What does all this mean?  I’m not sure yet but this is only the beginning for me on this subject.  I want to make sure I get out the word on some great resources I learned about that are geared toward regular people.

Do you have any questions on this subject?  Did you know people studied this?  Do you feel like you’ve got a handle on your digital belongings (it’s okay to say no, research shows most people don’t)?

Personal Records

Personal Records by Natalie ParkerI just finished reading Team of Rivals by Doris Kearns Goodwin.  Ever heard of it?  It’s what the movie Lincoln was based on.

I can say many things about the book (you should read it), but what amazed me was the way people kept personal records back then.

Goodwin goes into incredible detail in the book – what people where thinking, what Lincoln’s countenance was during a meeting, what he decided and when he decided it, what his cabinet thought about those decisions and so much more.

How was she able to weave this story together?  Personal records.  People back then kept their letters and wrote in diaries and journals what they thought about things.  The end of the book has pages and pages of references to these personal papers.

This makes me think how fleeting our personal records are today.  The records Goodwin consulted are safely resting in historical societies, archives, or other similar cultural institutions.  Most of our personal information now is electronic.

Remember when I said that paper is sometimes a more reliable format than electronic?  Think about Goodwin’s book and where she got that information from.

Fun With Archival Theory

Scholarly Articles by Natalie ParkerI’m knee deep in readings for a summer class (learning even more about archives).  I’m always amused when I find bits of reading that are really applicable to scrapbooking.  Or is it that I have memory keeping on the brain all the time?

Here are some bits from my readings.  They relate to archival theory, but I think you will find them very pertinent:

… biography can only be captured — brought alive in the present — through placing its ‘single subject’ in relationship to other people.  (McKemmish, 2005 – paraphrasing biographer Richard Holmes)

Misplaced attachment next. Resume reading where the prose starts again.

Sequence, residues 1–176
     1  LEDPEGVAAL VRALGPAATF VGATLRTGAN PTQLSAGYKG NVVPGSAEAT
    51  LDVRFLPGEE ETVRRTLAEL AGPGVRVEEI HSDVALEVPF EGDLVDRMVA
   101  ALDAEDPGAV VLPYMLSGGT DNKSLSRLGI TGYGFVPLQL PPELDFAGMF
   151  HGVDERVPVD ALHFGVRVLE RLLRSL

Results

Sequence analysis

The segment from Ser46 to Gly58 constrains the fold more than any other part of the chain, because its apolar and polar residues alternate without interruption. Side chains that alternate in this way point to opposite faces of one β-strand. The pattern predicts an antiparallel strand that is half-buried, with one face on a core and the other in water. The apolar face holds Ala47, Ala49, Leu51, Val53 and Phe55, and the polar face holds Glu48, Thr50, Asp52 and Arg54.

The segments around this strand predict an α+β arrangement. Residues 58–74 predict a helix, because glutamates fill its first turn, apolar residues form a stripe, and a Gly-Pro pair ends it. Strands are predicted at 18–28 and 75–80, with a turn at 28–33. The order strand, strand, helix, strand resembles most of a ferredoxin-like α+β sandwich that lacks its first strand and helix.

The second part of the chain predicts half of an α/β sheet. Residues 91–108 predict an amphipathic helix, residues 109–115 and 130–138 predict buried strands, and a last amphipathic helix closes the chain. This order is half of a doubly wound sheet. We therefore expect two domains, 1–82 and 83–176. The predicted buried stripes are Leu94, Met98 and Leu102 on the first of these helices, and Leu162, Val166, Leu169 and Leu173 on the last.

What do I take from that?  Context matters.  The author was making an argument that records “live” and constantly take on more value as new records are placed with them.  The more context, the richer a record is.  You will always see me arguing for more context in scrapbooks.

Human beings are the sum of their memories.  The nature of their interaction with other humans, indeed their very identity, is determined by their memories. (Cunningham, 2005)

We tell stories for ourselves — to help keep us alive. (McKemmish, 2005 – quoting Thomas King)

I thought these bits were interesting because I always wonder sometimes why I’m compelled to scrapbook.  The truth is that we all keep memories in some form or another as part of the human experience.  I just choose to use this method.

Sources:

Adrian Cunningham, “Archival Institutions,´in Sue McKemmish, Michael Piggott, Barbara Reed, and Frank Upward. Archives: Recordkeeping in Society. Wagga Wagga, N.S.W.: Charles Sturt University, 2005
Sue McKemmish, “Traces: Document, Record, Archive, Archives.” In Sue McKemmish,
Michael Piggott, Barbara Reed, and Frank Upward. Archives: Recordkeeping in Society. Wagga Wagga, N.S.W.: Charles Sturt University, 2005.
Sue McKemmish, Shannon Faulkhead, and Lynette Russell. “Distrust in the Archives:
Reconciling Records.” Archival Science 11, no. 3/4 (2011): 211-239.